Some technological advancements are so necessary and obvious that you can see them coming from a mile away. For example, I remember piling my laptop, iPod, camera, and cell phone into a backpack not so long ago and thinking "one day, all of these things will be the same thing." Two years later, bingo—the iPhone was invented.
I had a similar feeling way back when I acquired my first DVD-playing laptop. The process of setting it up so that I could watch a DVD via my laptop on a TV was so excruciating that it wasn't even worth the trouble. I remember sitting there, fiddling with an S-Video converter while trying to adjust to the appropriate resolution, thinking that one day, I'll just be able to press a button and, voila, what's on one screen will magically appear on another.
That promise took a bit longer to materialize than I imagined. It was more than a decade later that Apple released AirPlay, an imperfect yet somewhat passable consumer solution to the problem of media sharing. AirPlay is okay (at best), but it wasn't until last year's InfoComm, with Barco's release of ClickShare, that I felt the ease of media sharing that seemed inevitable so long ago finally came to fruition. ClickShare was a revelation, and finally brought wireless media sharing to the masses, all with the click of a button.
It is my love of ClickShare, combined with a long-running desire to make things on one screen easily appear on another, that practically made my jaw drop when I met Christopher Jaynes and Rob Balgley, the respective founder and CEO of a Denver, CO-based company called Mersive, and saw them demo Solstice, the company's new media sharing software.
Solstice makes media sharing so intuitive and takes it to such new heights that it has the potential to be one of the big breakouts at next week's InfoComm. The software not only embraces BYOD in a way that has never been seen before, but also represents one of the truest convergences of AV and IT. Mersive has put together an excellent video demonstrating the product that you can watch here.
"There aren't a lot of products that fit in between the worlds of AV and IT," explained Jaynes. "There are a lot of people and resellers who attempt to, but they're really just drawing on two classes of products. They're either saying we're a combined AV/IT shop because we can go get you unified communications gear and install it and we also know how to do displays. Solstice is a product that does both things. It solves the problems with software. It manages your displays like they're part of your IT infrastructure even though they're traditionally hardware. If you want to see what convergence actually means in a product form, it's Solstice."
Given Jaynes' IT background, it's not surprising that he would be behind a project that straddles these worlds as Solstice does. After receiving his PhD in computer vision from UMass Amherst, he became a professor at the University of Kentucky, where he launched a center for visualization.
"We came out of computer science academic research as a company—the purest form of software you could probably get brought smack down in the middle of the AV landscape," said Jaynes. "We spent years in that landscape. The AV world is so different, and being transplants we were able to solve the problem of media sharing in a dramatically different way."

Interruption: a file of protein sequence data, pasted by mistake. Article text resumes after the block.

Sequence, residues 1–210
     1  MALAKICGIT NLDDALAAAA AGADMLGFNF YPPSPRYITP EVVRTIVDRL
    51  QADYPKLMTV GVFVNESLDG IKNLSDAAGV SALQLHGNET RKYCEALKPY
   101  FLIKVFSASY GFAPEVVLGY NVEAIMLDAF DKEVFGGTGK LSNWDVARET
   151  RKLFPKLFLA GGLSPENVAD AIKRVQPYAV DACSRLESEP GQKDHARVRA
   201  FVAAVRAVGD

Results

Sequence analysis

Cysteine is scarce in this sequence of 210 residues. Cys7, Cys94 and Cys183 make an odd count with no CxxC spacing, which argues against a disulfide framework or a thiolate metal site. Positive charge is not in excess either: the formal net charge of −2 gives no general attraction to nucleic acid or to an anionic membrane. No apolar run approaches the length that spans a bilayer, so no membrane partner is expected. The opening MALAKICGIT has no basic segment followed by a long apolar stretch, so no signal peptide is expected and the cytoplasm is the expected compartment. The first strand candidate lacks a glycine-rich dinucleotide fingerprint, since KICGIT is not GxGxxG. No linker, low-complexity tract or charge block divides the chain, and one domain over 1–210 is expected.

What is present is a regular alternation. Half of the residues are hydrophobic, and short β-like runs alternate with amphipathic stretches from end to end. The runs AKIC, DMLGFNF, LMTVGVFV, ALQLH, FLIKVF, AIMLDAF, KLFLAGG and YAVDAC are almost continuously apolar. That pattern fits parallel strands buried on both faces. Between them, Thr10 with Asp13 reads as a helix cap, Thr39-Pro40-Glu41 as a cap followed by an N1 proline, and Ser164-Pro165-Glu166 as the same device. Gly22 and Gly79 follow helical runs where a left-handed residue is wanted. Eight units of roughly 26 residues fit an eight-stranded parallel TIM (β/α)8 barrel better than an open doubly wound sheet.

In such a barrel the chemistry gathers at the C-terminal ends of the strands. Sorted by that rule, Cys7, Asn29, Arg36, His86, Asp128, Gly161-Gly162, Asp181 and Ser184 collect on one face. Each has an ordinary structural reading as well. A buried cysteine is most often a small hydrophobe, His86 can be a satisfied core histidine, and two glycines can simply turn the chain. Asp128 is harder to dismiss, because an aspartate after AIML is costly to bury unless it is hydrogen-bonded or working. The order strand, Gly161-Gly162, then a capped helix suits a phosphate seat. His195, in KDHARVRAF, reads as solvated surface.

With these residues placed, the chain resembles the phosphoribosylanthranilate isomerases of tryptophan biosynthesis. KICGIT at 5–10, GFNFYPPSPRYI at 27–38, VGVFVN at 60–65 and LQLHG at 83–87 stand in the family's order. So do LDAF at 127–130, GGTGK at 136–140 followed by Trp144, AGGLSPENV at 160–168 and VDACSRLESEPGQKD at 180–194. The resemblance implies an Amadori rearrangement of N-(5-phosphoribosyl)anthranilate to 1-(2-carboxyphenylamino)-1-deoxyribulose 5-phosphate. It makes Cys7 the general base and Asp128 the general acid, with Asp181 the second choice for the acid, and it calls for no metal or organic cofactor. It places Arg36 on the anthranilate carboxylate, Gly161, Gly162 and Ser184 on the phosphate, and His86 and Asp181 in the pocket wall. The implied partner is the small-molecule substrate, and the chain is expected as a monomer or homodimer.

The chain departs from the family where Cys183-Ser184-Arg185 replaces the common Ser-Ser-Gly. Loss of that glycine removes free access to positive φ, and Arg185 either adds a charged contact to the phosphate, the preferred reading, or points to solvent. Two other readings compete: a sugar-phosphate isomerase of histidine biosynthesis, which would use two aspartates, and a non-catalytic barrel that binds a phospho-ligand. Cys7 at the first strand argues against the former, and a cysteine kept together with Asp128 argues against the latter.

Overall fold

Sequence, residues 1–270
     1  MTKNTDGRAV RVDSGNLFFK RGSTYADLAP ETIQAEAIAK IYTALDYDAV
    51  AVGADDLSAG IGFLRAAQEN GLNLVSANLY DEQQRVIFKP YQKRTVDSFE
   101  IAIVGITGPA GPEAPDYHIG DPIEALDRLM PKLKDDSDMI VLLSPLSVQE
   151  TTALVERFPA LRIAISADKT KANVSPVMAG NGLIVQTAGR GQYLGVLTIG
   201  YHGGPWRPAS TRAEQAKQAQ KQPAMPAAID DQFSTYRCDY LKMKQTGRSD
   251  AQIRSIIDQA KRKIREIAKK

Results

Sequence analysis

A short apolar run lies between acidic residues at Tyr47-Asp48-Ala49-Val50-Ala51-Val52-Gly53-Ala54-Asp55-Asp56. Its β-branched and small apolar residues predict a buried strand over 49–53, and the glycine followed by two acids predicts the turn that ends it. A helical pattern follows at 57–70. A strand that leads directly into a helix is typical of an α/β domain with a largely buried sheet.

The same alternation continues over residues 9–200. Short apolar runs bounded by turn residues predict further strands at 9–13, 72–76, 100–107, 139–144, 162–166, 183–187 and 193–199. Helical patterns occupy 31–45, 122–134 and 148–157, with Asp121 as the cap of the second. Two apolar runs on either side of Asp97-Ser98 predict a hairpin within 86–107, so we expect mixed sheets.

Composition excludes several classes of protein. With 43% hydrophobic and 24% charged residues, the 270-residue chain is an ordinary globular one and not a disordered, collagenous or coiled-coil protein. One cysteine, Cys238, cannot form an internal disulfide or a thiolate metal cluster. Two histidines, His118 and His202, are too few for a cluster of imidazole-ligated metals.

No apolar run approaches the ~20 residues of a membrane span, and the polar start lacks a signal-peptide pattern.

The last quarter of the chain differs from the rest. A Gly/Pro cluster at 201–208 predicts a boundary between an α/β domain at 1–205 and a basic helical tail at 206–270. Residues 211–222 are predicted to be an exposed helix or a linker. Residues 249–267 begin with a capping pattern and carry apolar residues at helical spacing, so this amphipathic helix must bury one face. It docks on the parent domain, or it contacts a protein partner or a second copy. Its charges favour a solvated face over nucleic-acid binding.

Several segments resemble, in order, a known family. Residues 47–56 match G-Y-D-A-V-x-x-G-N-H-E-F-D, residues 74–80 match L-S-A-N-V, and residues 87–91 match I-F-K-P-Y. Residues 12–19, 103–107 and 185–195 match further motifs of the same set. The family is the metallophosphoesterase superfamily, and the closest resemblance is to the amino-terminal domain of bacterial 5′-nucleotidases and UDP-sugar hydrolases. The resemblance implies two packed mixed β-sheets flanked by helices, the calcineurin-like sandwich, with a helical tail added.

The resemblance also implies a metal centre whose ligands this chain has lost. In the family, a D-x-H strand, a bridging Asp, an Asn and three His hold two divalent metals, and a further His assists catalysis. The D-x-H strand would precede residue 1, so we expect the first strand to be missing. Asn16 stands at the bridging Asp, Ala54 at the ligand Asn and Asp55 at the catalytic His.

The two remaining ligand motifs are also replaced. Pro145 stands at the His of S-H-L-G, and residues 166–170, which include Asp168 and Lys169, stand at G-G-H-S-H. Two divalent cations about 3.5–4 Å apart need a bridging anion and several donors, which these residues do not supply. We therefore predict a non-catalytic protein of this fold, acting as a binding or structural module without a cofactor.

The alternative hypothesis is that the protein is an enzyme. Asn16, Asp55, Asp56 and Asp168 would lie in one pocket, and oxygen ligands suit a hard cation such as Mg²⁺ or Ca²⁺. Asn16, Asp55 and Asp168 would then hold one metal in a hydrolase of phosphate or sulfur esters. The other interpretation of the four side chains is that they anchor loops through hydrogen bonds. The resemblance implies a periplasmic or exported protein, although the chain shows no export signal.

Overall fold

"If you look at the current products on the market that attempt to solve this problem," continued Balgley, "they all come at it the same way—as a presentation system. Here's how you can get your PowerPoint slides onto the display. IT looks at the problem in a much more collaborative, interdisciplinary, multimedia kind of way, which is 'I'm not just sharing PowerPoint slides, I've got all kinds of stuff coming from all kinds of places.'"
Mersive began to develop Solstice with help from the National Science Foundation, which, according to Jaynes, allowed them to approach the project from a very high level. "Why is it that when I look at displays," he wondered, "their use model basically hasn't changed since the Xerox Star in 1972. I own this display, it's wired to a particular content source, and that paradigm hasn't changed much. It's a paradigm shift to think about displays as truly shared, and not wired to a specific owner. That's where we started. Whether it's walking into a coffee shop and there are two flat panels at a table that you could sit down and have an ad-hoc meeting, there's no expectation of that today but I think that's about to happen, and I think there are a lot of big companies that are seeing that trend. We were lucky we saw it early and started writing the base architecture to address how that's going to get managed and who's going to use it."
In the enterprise space what that means is when you walk into a conference room, you should have an expectation that you can seamlessly use that device in that room.
When I told Jaynes and Balgley that the theme of this year's InfoComm is "Collaborate. Communicate. Connect." they both started laughing and said they should probably send the organizers a thank you letter. In their eyes, Solstice is the ultimate collaboration tool.
"Everybody talks about convergence, and one reason is that people are asking to solve their AV problems by leveraging their IT investment," concluded Balgley. "And that includes training and support and everything that company has, whether it's compute or network or control. And Solstice gives AV guys the first opportunity to walk in and really work with the IT organization. And it gives the IT guys one of the first opportunities to work on the AV side of the house with technology they can understand and relate to."